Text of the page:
Tulips are very common because their cultivation does not require much care, they can also be grown both on the ground and in pots and for most varieties it is possible to treat the flowers as wild by planting them on the ground without moving them for several years.The plant can therefore be left to stay in the ground or in pots during all seasons but requires active care only during the growing season, therefore it can be considered a seasonal plant: at the end of the summer season it can be left on the ground or unearth the bulb, do it dry and store it in the dark and away to keep it for the next season.The climatic conditions and the terrain
This kind of bulbous flowers need a fresh and loose soil in depth, they also need a fair amount of water but the soil must be well drained and soft to prevent the water of the watering and rain from stagnating by placing the bulbs at risk of exposure to fungi that would significantly affect growth.
When preparing the soil for the Tulips an abundant dose of universal soil must be added to the garden soil, a small amount of sand that will make the soil softer and improve its draining capacity and finally a fair amount of manure or mature manure that enriches the soil with mineral salts that will make the plant more luxuriant and its colors more intense.
Tulip bulbs should be planted in general in September or October, they should be placed at a depth that protects them from both excessive heat and winter frost, therefore it is advisable to bury them at a depth that is about twice the depth of size of the bulb diameter.
In addition to the fertilizer added to the soil during preparation, it is necessary to supply liquid fertilizer diluted in the water of the watering both at the end of winter when the vegetative growth is in progress and after flowering when the soil is particularly impoverished.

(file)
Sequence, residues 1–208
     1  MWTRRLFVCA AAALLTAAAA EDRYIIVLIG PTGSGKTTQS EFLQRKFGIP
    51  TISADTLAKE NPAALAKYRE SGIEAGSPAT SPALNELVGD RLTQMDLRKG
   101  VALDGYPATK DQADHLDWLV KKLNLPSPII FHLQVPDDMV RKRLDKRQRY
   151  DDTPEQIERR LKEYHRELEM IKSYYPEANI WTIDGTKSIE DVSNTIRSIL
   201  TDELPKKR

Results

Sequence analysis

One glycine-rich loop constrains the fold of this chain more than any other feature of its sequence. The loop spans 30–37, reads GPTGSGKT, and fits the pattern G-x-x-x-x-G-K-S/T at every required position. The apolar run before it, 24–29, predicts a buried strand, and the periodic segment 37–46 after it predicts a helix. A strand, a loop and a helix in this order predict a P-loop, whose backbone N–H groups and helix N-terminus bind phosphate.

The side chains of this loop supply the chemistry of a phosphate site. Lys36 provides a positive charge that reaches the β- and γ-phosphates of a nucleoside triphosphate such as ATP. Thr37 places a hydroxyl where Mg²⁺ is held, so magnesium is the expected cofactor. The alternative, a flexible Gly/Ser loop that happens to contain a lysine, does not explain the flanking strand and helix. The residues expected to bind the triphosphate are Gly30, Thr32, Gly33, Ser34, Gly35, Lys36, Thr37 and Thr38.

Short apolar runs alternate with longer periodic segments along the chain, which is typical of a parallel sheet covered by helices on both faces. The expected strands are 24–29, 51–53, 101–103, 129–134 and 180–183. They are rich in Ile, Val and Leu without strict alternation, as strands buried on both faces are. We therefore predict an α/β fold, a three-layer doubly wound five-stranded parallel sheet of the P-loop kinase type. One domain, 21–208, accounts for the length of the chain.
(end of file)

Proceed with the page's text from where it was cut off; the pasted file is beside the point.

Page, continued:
The tulips do not need abundant watering, it is sufficient to wet the soil when it is visibly dry and only in the vegetative period of the plant, when the buds, leaves or flowers are visible.
Tulip flowers: Tulip propagation
When the tulips are left to lodge over the years in the same soil, they tend to develop small secondary bulbs next to the original bulb, which over time can give life to new flowers.
In order to prevent the tulips from becoming a home to become overcrowded after at least five years, it is advisable to unearth them during the autumn season.
At this point it is advisable to divide the bulbs by type and condition:
- Large bulbs that produce luxuriant flowers for the best and most visible flower beds are put aside
- The damaged bulbs are eliminated
- The small bulbs that must be destined to a flowerbed are set aside: since they are small they will not flower but will produce the plant and in the following season the bulb will swell to reach maturation in subsequent years.
If this selection and propagation operation is not carried out and the bulbs are not moved, the flower bed becomes impoverished over time and is filled with new bulbs that remove the nourishment from each other, thus developing only stems and leaves without having the right space and useful substances to produce beautiful colorful flowers.
Propagation could also be achieved by sowing, but in general the bulbs that are purchased from nurseries are hybrids and therefore do not produce fertile seeds capable of giving life to new tulip plants.